The Cryonics Institute

'Your Family's Last Best Chance for Life." The Cryonics Institute is where people go who want bargain basement prices for immortality. Its Web presence is extensive, with pictures and bios of its 'de-animated" members and in-depth descriptions of the actual freezing process (though the pictures aren't as graphic as I'd like). Endlessly thought provoking, in that amusing, 'Are these guys serious?!?" sort of way.

The short answer is yes, de-animatedly serious. Enormous FAQs answer every question you never had about living forever; and no one can say these guys don't have a sense of humor. They deal exclusively in full-body freezing (no severed heads at CI), they're quite optimistic about future nanotechnology and to the best of their knowledge, Walt Disney was cremated (a damn shame, according to the Cryo-folk). These guys have heard all the conceivable arguments against immersing your dead flesh in liquid nitrogen for several centuries and they seem to have an answer for every question.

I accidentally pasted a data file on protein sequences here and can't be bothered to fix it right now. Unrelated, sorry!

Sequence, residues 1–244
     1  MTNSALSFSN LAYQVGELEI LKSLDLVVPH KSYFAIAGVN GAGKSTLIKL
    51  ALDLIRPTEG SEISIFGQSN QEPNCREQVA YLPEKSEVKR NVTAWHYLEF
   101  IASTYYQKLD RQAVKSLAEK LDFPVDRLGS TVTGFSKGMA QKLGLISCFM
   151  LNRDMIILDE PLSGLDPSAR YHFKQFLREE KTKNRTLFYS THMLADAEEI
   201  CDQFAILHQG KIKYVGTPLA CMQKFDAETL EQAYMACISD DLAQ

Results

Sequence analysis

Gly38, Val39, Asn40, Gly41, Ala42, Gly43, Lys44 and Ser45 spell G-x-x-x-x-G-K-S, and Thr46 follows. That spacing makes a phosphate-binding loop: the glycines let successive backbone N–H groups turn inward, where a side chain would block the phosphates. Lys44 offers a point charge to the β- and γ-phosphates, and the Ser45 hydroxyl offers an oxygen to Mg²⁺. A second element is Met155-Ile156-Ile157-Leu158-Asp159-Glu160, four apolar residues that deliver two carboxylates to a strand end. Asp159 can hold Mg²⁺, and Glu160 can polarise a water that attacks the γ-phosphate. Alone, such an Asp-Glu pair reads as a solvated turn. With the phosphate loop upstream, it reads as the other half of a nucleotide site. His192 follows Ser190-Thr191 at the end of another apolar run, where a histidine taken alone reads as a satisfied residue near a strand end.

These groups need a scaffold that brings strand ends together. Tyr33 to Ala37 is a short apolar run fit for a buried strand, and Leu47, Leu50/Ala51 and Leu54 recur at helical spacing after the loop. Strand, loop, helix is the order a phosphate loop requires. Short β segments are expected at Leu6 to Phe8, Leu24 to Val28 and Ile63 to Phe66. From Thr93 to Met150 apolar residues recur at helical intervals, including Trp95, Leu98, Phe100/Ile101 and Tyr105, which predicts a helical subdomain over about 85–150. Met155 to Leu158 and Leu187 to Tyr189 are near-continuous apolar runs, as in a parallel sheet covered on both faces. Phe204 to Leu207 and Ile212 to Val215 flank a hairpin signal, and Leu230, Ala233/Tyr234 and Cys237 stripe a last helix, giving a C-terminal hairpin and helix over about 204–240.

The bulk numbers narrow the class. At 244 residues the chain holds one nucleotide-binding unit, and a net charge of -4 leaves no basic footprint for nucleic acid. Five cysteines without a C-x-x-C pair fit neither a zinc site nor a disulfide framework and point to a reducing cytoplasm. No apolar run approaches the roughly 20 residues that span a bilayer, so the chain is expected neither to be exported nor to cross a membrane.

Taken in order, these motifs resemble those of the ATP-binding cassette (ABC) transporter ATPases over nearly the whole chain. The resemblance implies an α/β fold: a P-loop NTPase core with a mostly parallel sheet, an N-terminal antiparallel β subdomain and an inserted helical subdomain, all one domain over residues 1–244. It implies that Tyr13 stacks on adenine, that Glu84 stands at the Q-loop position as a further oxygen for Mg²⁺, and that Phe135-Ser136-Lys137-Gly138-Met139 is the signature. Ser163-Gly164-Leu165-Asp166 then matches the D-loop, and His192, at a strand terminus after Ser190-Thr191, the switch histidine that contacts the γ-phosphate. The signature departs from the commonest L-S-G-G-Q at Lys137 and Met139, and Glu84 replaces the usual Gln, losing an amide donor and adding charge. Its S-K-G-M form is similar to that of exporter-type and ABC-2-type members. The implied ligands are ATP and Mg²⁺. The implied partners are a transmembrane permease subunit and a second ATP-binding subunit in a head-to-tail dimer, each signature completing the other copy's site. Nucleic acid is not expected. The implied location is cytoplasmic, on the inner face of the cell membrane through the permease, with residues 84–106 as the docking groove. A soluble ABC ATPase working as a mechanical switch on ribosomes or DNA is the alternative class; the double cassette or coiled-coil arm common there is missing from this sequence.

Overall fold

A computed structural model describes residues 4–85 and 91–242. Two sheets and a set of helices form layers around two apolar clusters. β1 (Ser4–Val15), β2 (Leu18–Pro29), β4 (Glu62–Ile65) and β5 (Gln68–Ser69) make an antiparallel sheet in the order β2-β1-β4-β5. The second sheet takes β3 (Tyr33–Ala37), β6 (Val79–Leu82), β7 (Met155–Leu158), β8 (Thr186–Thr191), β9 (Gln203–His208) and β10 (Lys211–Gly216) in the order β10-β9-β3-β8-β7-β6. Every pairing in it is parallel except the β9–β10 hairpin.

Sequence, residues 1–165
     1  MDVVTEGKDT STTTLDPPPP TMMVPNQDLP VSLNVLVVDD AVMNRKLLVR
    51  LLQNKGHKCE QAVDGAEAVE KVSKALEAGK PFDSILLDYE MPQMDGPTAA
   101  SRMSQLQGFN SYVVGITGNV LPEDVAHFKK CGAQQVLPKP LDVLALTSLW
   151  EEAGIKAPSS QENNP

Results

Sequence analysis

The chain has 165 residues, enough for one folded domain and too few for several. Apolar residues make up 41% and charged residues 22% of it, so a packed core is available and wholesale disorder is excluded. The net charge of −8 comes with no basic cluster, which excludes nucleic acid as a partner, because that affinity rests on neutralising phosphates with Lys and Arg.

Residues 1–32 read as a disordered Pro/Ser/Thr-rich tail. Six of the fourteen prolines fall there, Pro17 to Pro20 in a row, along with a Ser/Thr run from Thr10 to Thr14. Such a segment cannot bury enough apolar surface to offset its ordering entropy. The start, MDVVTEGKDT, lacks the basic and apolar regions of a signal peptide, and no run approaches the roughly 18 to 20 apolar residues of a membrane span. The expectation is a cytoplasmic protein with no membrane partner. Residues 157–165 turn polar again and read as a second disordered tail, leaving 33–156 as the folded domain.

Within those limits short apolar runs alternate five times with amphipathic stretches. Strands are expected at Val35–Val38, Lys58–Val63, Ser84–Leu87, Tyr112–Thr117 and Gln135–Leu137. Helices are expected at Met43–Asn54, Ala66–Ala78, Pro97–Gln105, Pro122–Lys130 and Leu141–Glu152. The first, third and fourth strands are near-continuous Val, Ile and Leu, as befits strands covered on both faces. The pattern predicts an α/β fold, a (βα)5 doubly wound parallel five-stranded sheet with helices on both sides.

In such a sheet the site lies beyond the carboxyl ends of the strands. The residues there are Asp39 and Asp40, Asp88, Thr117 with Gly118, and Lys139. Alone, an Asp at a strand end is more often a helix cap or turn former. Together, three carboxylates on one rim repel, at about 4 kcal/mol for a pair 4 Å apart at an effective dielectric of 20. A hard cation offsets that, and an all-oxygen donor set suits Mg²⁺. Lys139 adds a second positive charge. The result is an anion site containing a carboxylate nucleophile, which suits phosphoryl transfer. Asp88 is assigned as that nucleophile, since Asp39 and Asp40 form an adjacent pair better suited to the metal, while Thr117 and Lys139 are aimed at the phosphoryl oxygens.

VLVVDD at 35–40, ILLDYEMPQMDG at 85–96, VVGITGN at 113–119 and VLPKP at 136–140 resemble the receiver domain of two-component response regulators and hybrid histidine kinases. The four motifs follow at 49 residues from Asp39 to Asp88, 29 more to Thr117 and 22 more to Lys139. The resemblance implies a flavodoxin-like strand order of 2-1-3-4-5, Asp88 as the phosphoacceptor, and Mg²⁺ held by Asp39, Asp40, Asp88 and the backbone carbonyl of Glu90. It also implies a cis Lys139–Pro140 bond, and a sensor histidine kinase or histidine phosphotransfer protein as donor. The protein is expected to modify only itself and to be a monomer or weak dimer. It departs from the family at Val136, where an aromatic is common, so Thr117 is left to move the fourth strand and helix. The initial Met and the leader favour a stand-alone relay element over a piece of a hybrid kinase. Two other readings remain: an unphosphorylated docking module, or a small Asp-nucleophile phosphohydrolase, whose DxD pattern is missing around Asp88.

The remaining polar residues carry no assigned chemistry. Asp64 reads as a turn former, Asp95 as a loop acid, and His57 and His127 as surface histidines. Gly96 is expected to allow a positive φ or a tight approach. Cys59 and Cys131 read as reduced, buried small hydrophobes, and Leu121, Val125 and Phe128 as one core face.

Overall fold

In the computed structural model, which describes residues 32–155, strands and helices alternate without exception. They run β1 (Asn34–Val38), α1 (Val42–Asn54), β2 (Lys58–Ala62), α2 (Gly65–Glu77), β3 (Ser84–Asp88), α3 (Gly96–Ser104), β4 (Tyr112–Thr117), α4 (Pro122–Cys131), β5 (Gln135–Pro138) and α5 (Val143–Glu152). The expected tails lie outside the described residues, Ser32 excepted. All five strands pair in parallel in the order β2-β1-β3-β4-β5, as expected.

The most obvious one is what defines 'dead." CI argues that since we don't currently define dead people as those whose hearts have stopped or as fatally diseased sufferers of the bubonic plague (both of which were historically accurate descriptions), there is no reason why future generations won't be able to re-animate people who have been dead for days or months and not only cure their ills, but fix all those pesky side effects from the decades-long immersion in liquid nitrogen. And all for the low, low price of $28,000. However, they recommend you do as much research as possible before coughing up the dough for your semi-final repose. They even recommend a novel, The First Immortal, by James Halperin. (And for the dangers inherent in stealing jewelry, may I recommend The Lord of the Rings?)

You may be wondering, 'Why bother if there's no guarantee that it will work?" You've got to love CI's answer, indicative of its peculiar brand of logic: 'Driving to McDonald's isn't a sure thing — you could get hit by a car. Or even a meteorite. But do you let that stop you? It's the same with cryonics: a look at the facts will lead you to see that there is a real and reasonably (sic) likelihood that you'll make it safely. After all, what's your alternative? Certain death." Indeed.

—Diana Peterfreund

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